Public Charge Explained
"Public Charge" makes people afraid to use public benefits. But the Public Charge Rule does not affect every immigration application. And most immigrants who face a Public Charge test do not receive the benefits that count.
This article will explain:
- What is Public Charge
- What benefits are included in the rule
- Who is affected by the rule and who is not
About the Public Charge Rule
When someone applies for a Green Card through family, the immigration officials can deny the application for different reasons. One reason is if the government thinks the person is likely to depend too much on public benefits in the future. This is called the Public Charge Rule.
The immigration officer will consider the immigrant's:
- Education and skills
- Family support and sponsor
- Use of some kinds of public benefits
The officer weighs all these factors. The officer decides if the person is "likely to become a Public Charge." They consider positive factors, like a job or skills. They consider negative factors, like low income or health problems. They can deny the application if they think the person will depend too much on public benefits in the future.
Public Charge Rule Updates
March 9, 2021
The courts stopped the public charge rules that the Trump Administration created in 2019. This means that food, health, and housing benefits are no longer included in the rule.
Public Benefits are part of the Public Charge Test
Only these public benefits obtained for the immigrant are considered in the Public Charge Test.
• Cash benefits
- SSI (Supplemental Security Income)
- TANF (Temporary Assistance for Needy Families)
- GA (General Assistance/Relief)
• Medicaid for long-term (nursing home) care
*Note: Most immigrants who face a Public Charge test aren't eligible for these benefits. For more information, talk to a legal aid lawyer.
Who is Affected by the Public Charge Rule?
It does not apply to:
• U.S. Citizens
• Lawful Permanent Residents (Green Card holders) applying for citizenship or card renewals
• Refugees: people applying for refugee status, or for a Green Card as a refugee
• Asylum: people applying for asylum, or for a Green Card as an Asylee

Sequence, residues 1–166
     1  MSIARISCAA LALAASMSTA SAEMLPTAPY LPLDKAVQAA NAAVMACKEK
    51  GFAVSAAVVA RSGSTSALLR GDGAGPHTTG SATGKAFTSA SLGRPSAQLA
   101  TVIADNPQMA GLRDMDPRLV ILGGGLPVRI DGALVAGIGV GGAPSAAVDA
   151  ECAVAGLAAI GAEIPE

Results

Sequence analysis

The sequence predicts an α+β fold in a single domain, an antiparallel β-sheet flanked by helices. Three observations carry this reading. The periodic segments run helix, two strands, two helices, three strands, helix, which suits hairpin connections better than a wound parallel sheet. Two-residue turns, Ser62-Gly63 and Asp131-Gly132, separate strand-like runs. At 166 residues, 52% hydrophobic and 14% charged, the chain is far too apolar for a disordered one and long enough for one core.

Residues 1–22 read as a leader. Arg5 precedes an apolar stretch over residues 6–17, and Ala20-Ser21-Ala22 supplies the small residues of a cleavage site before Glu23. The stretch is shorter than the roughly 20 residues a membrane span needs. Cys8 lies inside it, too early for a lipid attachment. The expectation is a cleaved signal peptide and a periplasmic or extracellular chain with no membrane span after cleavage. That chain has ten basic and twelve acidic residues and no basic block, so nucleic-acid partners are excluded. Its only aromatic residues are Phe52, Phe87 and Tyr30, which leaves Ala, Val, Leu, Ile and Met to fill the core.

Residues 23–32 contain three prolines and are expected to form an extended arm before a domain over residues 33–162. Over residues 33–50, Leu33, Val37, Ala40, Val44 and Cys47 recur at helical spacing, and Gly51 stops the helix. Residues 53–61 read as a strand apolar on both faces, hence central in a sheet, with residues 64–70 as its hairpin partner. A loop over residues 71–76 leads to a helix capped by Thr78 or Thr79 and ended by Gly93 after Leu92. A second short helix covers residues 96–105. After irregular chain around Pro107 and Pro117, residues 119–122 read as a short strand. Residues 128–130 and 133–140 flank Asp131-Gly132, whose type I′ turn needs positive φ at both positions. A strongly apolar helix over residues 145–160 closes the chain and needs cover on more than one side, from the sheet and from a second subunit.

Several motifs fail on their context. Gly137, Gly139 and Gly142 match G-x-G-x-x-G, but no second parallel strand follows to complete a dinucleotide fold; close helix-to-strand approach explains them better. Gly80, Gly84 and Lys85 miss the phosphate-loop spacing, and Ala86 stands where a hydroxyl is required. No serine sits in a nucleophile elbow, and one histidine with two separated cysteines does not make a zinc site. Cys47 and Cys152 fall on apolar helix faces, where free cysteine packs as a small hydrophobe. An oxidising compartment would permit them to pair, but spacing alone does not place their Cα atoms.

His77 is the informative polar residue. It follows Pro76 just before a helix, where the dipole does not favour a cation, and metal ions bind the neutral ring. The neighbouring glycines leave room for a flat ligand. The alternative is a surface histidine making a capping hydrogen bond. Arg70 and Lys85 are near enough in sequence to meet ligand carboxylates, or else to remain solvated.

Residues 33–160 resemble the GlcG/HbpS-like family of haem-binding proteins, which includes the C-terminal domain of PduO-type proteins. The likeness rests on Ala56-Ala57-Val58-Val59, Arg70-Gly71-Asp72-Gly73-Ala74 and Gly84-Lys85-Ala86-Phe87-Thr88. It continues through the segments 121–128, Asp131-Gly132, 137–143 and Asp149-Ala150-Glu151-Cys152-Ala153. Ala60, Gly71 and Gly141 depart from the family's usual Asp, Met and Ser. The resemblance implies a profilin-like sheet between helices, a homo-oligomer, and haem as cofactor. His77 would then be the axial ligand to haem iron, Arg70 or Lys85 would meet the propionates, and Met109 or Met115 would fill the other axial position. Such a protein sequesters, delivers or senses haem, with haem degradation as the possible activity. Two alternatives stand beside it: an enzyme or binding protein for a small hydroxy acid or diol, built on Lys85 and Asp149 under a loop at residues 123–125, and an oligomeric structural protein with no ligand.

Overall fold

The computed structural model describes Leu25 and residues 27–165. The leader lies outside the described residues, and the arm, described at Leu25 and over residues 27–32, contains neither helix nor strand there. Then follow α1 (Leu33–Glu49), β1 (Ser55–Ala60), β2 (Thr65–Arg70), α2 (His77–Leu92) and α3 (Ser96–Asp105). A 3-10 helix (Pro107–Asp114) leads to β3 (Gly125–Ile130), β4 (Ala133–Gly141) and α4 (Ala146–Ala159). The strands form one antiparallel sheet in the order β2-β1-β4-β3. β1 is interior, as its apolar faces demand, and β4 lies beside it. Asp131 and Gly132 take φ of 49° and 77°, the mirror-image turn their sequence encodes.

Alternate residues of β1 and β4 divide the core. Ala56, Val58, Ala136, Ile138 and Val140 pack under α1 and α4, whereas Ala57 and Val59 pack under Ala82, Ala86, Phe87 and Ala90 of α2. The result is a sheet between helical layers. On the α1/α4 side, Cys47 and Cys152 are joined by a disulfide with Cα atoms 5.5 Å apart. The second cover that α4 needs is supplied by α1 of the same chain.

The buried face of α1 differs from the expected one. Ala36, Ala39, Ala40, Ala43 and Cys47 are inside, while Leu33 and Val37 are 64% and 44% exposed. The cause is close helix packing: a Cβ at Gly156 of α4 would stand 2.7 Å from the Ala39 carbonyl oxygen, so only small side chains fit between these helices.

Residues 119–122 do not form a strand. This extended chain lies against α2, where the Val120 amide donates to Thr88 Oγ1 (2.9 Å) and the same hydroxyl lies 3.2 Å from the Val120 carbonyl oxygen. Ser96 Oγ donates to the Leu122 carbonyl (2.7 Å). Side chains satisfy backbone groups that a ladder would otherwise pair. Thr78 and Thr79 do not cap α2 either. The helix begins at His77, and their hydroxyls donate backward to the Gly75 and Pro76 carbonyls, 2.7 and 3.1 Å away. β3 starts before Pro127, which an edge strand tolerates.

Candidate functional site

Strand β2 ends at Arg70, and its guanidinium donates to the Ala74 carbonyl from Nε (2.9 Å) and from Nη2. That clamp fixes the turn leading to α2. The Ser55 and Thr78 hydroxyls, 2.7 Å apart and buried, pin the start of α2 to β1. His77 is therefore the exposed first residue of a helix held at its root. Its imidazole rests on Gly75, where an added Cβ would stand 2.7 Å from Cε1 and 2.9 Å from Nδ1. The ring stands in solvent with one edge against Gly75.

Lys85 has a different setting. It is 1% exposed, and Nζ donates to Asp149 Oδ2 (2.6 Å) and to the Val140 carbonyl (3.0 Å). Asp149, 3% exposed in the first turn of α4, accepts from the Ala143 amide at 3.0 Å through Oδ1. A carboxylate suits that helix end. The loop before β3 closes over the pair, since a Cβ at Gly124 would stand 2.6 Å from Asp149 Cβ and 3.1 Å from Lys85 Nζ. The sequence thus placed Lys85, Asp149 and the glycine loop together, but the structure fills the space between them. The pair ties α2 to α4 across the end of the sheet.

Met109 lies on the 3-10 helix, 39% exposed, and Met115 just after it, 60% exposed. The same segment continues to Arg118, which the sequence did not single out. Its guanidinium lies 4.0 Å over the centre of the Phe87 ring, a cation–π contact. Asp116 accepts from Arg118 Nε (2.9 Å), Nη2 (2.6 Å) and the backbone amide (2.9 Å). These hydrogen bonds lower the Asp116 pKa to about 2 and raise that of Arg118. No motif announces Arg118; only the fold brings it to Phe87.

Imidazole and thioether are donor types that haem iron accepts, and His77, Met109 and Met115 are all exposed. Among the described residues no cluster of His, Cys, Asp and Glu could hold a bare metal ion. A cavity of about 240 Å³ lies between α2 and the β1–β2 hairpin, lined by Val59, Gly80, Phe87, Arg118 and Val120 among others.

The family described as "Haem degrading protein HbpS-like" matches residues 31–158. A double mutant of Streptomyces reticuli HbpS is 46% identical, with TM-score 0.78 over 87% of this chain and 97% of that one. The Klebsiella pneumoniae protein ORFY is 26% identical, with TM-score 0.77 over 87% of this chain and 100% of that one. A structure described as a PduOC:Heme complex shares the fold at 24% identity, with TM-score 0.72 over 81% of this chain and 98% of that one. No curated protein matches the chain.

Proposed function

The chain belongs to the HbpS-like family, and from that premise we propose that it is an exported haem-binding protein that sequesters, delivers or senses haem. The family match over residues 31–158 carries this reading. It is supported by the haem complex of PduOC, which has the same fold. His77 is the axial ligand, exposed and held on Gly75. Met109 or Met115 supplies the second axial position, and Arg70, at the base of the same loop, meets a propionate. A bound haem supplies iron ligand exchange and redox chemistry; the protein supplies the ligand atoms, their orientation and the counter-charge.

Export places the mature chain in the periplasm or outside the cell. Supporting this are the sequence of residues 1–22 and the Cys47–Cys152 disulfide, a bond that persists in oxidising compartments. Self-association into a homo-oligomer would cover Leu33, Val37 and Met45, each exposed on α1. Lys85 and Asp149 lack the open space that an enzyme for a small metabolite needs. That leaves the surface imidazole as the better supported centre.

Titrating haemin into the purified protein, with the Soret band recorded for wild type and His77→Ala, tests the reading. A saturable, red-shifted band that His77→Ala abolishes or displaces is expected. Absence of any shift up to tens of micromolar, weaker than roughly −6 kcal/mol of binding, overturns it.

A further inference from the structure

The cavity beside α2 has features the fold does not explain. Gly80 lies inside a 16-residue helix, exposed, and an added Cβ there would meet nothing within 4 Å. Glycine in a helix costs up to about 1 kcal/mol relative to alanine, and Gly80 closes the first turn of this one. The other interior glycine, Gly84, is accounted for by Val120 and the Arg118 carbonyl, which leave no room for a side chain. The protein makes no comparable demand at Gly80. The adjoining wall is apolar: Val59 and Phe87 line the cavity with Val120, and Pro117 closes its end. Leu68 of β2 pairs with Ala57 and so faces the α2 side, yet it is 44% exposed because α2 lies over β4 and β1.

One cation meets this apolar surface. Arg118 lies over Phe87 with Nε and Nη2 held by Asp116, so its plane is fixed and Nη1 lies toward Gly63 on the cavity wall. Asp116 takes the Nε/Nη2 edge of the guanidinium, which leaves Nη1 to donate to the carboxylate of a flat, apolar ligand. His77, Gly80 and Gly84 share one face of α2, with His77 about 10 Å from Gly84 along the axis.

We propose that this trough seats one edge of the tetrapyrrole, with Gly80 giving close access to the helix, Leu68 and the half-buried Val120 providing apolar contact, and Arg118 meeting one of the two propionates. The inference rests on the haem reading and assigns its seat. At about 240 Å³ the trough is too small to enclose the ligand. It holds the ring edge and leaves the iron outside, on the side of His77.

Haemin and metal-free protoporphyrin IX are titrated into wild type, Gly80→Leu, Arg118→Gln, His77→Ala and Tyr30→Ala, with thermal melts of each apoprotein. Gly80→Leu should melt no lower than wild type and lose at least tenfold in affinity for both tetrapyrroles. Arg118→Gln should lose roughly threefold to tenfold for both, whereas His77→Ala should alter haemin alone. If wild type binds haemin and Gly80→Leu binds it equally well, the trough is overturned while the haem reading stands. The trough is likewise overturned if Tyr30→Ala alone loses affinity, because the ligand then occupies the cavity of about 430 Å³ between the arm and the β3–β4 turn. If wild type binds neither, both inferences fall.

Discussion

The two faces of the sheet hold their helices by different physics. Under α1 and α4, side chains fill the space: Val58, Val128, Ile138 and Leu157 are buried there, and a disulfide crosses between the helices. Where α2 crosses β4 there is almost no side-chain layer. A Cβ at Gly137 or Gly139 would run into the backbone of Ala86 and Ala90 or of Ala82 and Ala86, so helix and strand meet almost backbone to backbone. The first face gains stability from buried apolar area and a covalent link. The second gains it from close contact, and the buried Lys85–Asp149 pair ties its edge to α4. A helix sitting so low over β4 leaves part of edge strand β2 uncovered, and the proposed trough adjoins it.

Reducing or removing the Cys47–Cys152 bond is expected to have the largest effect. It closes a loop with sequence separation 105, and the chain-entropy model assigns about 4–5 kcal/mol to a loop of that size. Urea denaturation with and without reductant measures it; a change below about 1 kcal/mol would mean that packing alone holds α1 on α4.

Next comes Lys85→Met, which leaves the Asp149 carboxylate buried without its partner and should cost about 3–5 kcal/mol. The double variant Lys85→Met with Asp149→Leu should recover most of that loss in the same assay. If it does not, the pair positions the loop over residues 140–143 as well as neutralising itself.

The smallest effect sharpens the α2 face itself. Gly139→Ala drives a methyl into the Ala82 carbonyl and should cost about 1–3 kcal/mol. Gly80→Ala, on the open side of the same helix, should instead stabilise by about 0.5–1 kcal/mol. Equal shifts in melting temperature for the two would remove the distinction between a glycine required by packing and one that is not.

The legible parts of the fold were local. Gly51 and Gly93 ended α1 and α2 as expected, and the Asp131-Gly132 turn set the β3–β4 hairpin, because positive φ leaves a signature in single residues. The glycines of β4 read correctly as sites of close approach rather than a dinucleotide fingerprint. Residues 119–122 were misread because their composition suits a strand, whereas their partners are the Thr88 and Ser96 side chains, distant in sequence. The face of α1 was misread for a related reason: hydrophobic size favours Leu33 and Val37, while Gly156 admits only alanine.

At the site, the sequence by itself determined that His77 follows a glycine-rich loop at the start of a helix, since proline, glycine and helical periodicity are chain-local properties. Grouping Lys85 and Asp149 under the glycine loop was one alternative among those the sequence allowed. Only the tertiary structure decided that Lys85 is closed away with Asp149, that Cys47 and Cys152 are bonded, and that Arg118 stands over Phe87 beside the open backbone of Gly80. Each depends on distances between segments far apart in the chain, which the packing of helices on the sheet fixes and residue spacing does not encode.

• TPS: people applying for initial or re-registration of Temporary Protected Status
• DACA: people applying to renew Deferred Action for Childhood Arrivals
• SIJS: people applying for Special Immigrant Juvenile Status or applying for a Green Card thru SIJS
• U Visa: people applying for a U visa or U visa holders applying for a Green Card
• T Visa: people applying for a T visa and T visa holders applying for a Green Card
• VAWA: people applying for relief under the Violence Against Women Act (VAWA), and people with VAWA who are applying for a Green Card
• People applying for withholding of removal or under the Convention Against Torture
• Cubans applying under the Cuban Adjustment Act; Amerasians who are applying for admission
• SIV: Afghan and Iraqi interpreters and translators who are applying for special immigrant visas
• Registry: People applying for registry (lived in the U.S. since before January 1, 1972)
• NACARA: People applying for Nicaraguan Adjustment and Central American Relief Act benefits
• HRIFA: People applying for Haitian Relief and Immigrant Fairness Act (HRIFA) benefits
• Lautenberg parolees
• Certain other "humanitarian" immigrants
Source: Catholic Legal Immigration Network, Inc.
It does apply to:
• Immigrants applying for Lawful Permanent Residence (Green Card) through a family-based petition.
• Lawful Permanent Residents who leave the U.S. for more than 6 months and seek to re-enter the U.S.
• A slightly different rule applies to some "non-immigrants" applying to change or extend their student visas (example: student visas).
What are the changes to the Public Charge Rule?
The government changed the public charge rules in 2020. Court cases challenged the rules. As a result, the new rules are no longer in effect.
If you are not sure about your situation, use the public charge Guide. The guide will help you understand if Public Charge or using public benefits could affect your immigration plans.